Not all DLC is created equal; some DLC is exceptionally bad. It is these pieces of DLC that hurt everything else in their wake. Consumers are left feeling burnt -- and they're left with emptier wallets or purses. In turn, publishers are left with angry fans. And the whole video game industry is left a little weaker because of the whole debacle.
But there are many identifiable sins or malpractices, if you so wish, that can be easily avoided by developers. So why aren't they addressed by the likes of EA or Ubisoft, for example? Well, that is a different story. Instead of drilling down into that, let's take a look at the 5 DLC sins that hurt the video game industry so you can be better aware of what they are -- and how to address them moving forward.
We're all familiar with microtransactions nowadays. They're present in everything from free-to-play games made by indie studios no one has ever heard of to popular AAA releases by major developers, like Ubisoft's For Honor.
Some would argue that microtransactions are always bad, but I disagree. When done properly, there is no need to invest in microtransactions to progress. You only purchase microtransaction items if you genuinely feel like you want to support the developer, especially in F2P titles. Or, you may purchase them because you enjoy the game enough to actually buy some cute little costumes.
Where games really falter with microtransactions is by forcing you to purchase items or currency that is needed to play the game effectively -- or at all. Many games, however, can’t help but leave you feeling as if the in-game currency is not valuable -- like For Honor’s steel. Even worse, there might not be any way to obtain the special currency in-game, thus literally requiring you to invest IRL money in the game.
That is the very worst sin.
This one has become a particularly prominent sin as of late. Many developers, specifically AAA devs, have tried to get players to two of the following three when purchasing games:
Manipulative microtransactions can be a real deal breaker when you've already paid $60 for a game. What is particularly egregious about these games is that they compound the burdens of the former sin by boldly asking for money up front and then requiring more money later on for steady progress -- or even the ability to play the game.
There is a caveat, however: we have been buying full-priced games and paying subscription fees for a long time. Millions of people pay $40 for a WoW expansion and then continue to pay the subscription fee every time there's a new WoW expansion. It can be hard to draw the line between legitimate and abusive business models.
Mass Effect 3's multiplayer helped popularize the idea that you might gain items through randomized "card" packs (Mass Effect: Andromeda literally calls them cards when you open them.) Of course, this wasn't new or revolutionary; we'd been buying randomized card packs since we started collecting baseball cards as kids. But it was a particularly annoying way to do business in an online marketplace.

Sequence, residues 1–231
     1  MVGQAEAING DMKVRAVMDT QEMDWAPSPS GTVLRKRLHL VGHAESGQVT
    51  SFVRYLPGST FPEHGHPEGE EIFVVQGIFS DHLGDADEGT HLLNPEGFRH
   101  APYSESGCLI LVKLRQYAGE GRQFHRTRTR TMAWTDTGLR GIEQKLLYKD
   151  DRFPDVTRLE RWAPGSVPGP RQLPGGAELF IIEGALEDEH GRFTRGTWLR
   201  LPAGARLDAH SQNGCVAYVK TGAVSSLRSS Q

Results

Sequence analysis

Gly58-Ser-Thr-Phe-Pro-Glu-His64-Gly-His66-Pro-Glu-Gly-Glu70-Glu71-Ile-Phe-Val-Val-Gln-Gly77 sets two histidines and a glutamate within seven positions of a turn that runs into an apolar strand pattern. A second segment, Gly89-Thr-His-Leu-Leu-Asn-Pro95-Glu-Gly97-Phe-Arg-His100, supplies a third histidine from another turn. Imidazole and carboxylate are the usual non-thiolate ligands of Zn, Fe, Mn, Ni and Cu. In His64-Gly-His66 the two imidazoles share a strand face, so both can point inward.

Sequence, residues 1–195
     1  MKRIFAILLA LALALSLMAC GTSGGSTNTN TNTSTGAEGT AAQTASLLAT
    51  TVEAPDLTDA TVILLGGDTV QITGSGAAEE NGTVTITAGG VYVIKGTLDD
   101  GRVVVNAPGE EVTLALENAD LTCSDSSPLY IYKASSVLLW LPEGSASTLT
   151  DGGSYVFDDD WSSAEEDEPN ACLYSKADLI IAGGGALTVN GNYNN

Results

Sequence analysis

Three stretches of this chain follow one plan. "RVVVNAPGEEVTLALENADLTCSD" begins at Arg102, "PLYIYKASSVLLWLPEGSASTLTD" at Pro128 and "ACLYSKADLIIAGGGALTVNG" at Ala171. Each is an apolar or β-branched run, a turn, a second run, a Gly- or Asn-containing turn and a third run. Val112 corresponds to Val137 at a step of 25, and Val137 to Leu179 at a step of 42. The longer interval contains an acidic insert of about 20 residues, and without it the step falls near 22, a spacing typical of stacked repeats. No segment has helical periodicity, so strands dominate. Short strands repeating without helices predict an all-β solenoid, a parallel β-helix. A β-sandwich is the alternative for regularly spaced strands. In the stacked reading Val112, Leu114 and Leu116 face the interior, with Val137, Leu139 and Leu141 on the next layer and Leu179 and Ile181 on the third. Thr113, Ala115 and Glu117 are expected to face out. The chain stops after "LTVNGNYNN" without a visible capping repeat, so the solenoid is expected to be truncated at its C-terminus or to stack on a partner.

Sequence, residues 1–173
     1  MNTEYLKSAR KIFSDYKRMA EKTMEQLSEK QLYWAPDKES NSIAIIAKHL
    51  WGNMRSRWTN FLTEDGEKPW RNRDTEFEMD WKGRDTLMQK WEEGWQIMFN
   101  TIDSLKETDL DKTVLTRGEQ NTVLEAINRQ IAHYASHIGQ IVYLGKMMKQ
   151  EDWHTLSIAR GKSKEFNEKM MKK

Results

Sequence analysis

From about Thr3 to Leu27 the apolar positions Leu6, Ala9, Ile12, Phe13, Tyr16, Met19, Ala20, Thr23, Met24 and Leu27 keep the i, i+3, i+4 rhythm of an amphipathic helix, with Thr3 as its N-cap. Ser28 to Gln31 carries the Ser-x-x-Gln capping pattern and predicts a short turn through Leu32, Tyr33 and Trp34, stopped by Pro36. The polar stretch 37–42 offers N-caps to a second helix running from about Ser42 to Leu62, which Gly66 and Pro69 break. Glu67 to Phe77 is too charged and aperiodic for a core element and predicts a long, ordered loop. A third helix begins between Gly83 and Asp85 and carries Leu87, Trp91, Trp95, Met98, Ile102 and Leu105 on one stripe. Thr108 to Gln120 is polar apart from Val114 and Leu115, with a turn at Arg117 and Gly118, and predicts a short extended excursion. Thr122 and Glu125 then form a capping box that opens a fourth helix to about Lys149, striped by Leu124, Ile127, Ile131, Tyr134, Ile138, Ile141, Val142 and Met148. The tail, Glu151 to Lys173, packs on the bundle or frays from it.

"What's that? You want one of those new characters? Too bad. Hopefully, you'll get lucky soon."- Hypothetical Game Developer that DGAF
The business model ends with you getting ridiculous amounts of repetitive, useless fodder while on your way to the top. The reason this model worked well for TCGA was the "T" -- aka trading. This meant that you could use something that you might have an abundance of to trade for something you needed or wanted. Simple supply and demand.
But while many games will allow multiple draws of the same item to net you an incrementally better version of the original item, almost none of them remove said item from the pool of potential draws once you have gotten the best version. It also doesn't make thematic sense. Why does Pathfinder Ryder buy specific gear that he/she wants, but your Apex Strike Team is stuck paying money to some unknown RNG God praying that they get something useful?
Pairing this with microtransactions often feels like the developer is purposefully handicapping their game just to force you to buy card packs.
That's just not cool.
Sometimes DLC just doesn't make much sense. It's not really robbing you of your hard earned cash so much as it is robbing itself of a believable game world.
Prior to purchasing DLC, there was literally NO mention of an AI program that could potentially threaten intelligent life as we know it. But now that I've forked over the money, it is quite the pressing matter.
When this sin occurs, you are often left scratching your head. Either this had been a problem all along and you didn't tell me until I paid you money -- or the act of me paying you money literally caused this problem to happen. Either way, I am failing to see the correlation between my real world decisions and the in-game repercussions.
Really, it's all very strange, if you ask me.
DLC is like games in general. Good DLC is so great that it's practically a steal. It might introduce new characters, stories, gameplay scenarios, interesting mechanics, or myriad other enhancements. inFamous 2 and inFamous: Second Son both had very well done stand alone DLC for these reasons.
Bad DLC, however, is $120 a dozen (The stuff is damned expensive!). Stripped features, game breaking gifts, mundane content that makes you say, "This is just more of the worst." And at its worst, it is just downright broken.
Sometimes DLC is sinful not because it breaks immersion or the bank, but because it is just not very good for the exact same reasons that any full game wouldn't be good. Bad DLC is a catch-all for all the DLC that is technically sinful, but not for reasons that specifically relate to the fact that it is DLC.
So what do you think? Are these 5 sins accurate? Or do you not even consider microtransactions to be DLC? What other sins can you think of?